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Harmonium - Si On Avait Besoin D'Une Cinquième Saison CD (album) cover

SI ON AVAIT BESOIN D'UNE CINQUIÈME SAISON

Harmonium

 

Symphonic Prog

4.39 | 888 ratings

From Progarchives.com, the ultimate progressive rock music website

Aspic
4 stars There's a certain satisfaction to hearing music from your own country-- and while Rush are lauded almost to ennui in Canada, apart from a small minority, Harmonium are almost unheard of; yet they have a distinct power and style that more people should hear. While Harmonium isn't exactly an appeal to English listeners, with the dense Quebecois mannerisms and localized French, (in fact, it may be difficult to interpret by French listeners outside of Quebec) if you are a French speaker, and you love the sound of Early Genesis, or a pastoral Folk sound mixed with a very heavy dose of prog, this album is definitely for you.

Obviously, written in 1970's Quebec, there is a sort of Seperatist ideology hidden within the lyrics, which is odd for a yonger generation of listeners-- a relic of a somewhat idealistic past, and even though there is still some animosity present in French/English Canada, it certainly isn't as strong as it was before, and to discover it in such a strange medium is suprising; however, I digress, the music itself presents a completely different side.

A heavy folk influence is readily apparent on the first track, "Vert" and Serge Fiori shows that he is a very unique vocalist, with plenty of power, but just enough restraint, he also accompanies himself at different parts, and does a fantastic job. While Harmonium never really steps into the foray of power, they focus mostly on the composition of the music, rather than technicality, but to anyone who loves the wash of 12-strings and flute, it's certainly a great piece that really can't be critiqued very much, very well put together.

Not so conspicuously absent throughout the ENTIRE album are any elements of percussion, which is surprising, seeing as you can go through the whole album without noticing, and "Dixie" is a great example, seeing as you can be more drawn in the blending of Southern musical styles with French Canadian musical styles than the noticible lack of any drumming, and it's bizarre to say the least, but in a really interesting way. Pierre Daigneault, the Flutist/Clarinetist once again is allowed free reign at times, and he does a fantastic job.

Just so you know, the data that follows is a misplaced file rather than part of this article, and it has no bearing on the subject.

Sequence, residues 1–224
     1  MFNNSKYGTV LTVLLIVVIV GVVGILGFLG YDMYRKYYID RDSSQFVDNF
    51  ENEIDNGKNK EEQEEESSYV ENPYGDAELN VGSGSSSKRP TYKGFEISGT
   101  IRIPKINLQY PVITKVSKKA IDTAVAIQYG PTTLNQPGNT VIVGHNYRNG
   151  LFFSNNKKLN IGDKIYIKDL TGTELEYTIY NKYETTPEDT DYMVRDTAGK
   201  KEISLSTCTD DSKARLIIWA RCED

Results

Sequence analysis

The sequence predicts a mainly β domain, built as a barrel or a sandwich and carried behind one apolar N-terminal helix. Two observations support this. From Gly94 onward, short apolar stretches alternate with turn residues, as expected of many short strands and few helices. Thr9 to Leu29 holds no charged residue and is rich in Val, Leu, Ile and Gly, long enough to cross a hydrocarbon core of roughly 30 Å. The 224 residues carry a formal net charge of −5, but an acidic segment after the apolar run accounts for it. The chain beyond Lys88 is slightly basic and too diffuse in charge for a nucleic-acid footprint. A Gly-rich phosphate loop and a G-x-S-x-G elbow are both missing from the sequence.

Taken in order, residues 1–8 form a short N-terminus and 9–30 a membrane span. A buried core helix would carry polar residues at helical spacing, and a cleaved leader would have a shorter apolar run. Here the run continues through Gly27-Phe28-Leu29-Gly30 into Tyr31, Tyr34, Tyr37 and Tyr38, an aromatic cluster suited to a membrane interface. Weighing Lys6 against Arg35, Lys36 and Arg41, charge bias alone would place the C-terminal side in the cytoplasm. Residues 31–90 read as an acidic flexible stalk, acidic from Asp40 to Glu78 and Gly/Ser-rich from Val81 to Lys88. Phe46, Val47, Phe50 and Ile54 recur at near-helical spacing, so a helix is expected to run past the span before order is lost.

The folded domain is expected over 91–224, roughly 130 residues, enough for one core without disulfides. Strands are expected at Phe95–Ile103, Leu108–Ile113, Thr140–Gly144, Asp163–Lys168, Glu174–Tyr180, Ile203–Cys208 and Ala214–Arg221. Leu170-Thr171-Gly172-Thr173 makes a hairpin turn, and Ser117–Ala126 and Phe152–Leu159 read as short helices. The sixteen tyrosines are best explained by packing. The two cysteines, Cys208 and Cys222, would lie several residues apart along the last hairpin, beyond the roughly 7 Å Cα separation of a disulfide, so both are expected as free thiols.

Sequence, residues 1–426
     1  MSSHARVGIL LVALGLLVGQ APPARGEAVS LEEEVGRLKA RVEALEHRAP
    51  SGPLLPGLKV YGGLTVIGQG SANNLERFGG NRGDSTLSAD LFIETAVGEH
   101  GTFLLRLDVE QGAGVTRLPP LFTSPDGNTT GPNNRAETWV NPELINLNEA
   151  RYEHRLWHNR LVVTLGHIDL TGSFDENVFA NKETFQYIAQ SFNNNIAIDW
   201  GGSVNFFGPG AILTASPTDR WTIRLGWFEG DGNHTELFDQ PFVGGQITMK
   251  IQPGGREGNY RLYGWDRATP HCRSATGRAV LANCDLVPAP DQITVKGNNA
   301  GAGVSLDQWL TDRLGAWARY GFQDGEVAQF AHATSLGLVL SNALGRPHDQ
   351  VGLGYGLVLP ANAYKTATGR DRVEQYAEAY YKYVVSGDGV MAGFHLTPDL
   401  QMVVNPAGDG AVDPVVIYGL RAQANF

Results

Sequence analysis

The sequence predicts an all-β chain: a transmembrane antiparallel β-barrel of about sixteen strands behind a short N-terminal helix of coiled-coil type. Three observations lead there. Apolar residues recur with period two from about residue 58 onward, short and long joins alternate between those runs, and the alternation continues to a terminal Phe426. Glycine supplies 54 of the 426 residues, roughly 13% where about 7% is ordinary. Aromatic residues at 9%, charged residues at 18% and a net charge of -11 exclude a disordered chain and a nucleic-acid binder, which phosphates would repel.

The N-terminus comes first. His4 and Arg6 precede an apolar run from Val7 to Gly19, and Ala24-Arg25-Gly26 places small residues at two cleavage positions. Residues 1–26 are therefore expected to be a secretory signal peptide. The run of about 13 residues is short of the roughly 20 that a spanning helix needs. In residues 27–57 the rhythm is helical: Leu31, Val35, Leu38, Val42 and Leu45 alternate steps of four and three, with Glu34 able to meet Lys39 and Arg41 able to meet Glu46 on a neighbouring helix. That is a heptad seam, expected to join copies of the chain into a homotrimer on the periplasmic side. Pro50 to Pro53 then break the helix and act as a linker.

"Depuis L'Automne" is one of the strongest songs on the album, and is both highly textured and simplistic at parts. Layers of Mellotron and 12-string wash the song, and Fiori & Normandeau plantive and somewhat bitter lyrics compliment Fiori's highly emotional and powerful voice. One of the best on the album.

"En Pleine Face" is the least immediately memorable of the album, but that's not saying its bad at all. The song is shorter, and features some accordion work, which is a pleasant change in timbre, but most of the song is rather minimal in terms of instrumentation, with guitars, accordion, and a bass with Fiori's vocals. The song is still a very welcome addition, but it could have been a little better fleshed out, as the final somewhat "catchy" part at the end of the album, where Fiori repeats:

"Où es-tu, j'en plus

Je ne t'entends plus, où es-tu?"

Which to me, has always been a haunting little part, which is a real gem in the album.

The final song "Histoires Sans Paroles" is a true progressive symphony spanning about 17 minutes. The only difficulty I found with the album was the consistent lack of percussion worked on the previous song, but it could have worked measures on the final track, but that's only an afterthought, as this song definitley is quite an experience. Judi Richards sings on this song, but I have no idea why, because she doesn't do a great job of it, as I wondered why Fiori suddenly became a weak, whiney sounding singer-- and I only noticed it wasn't him after a little bit of reading. The song, still, is wonderful, aside from my random complaining.

This album is a great introspection into 1970's Quebec, not only because of the subject matter, but the music blending with unique styles you would be hard pressed to hear anywhere else. If you're a huge rhythmically driven person, avoid the album I guess, but it's to your own fault, as this album offers a beautiful sonic experience that is refreshing to anyone looking for a true hidden gem.

Aspic | 4/5 |

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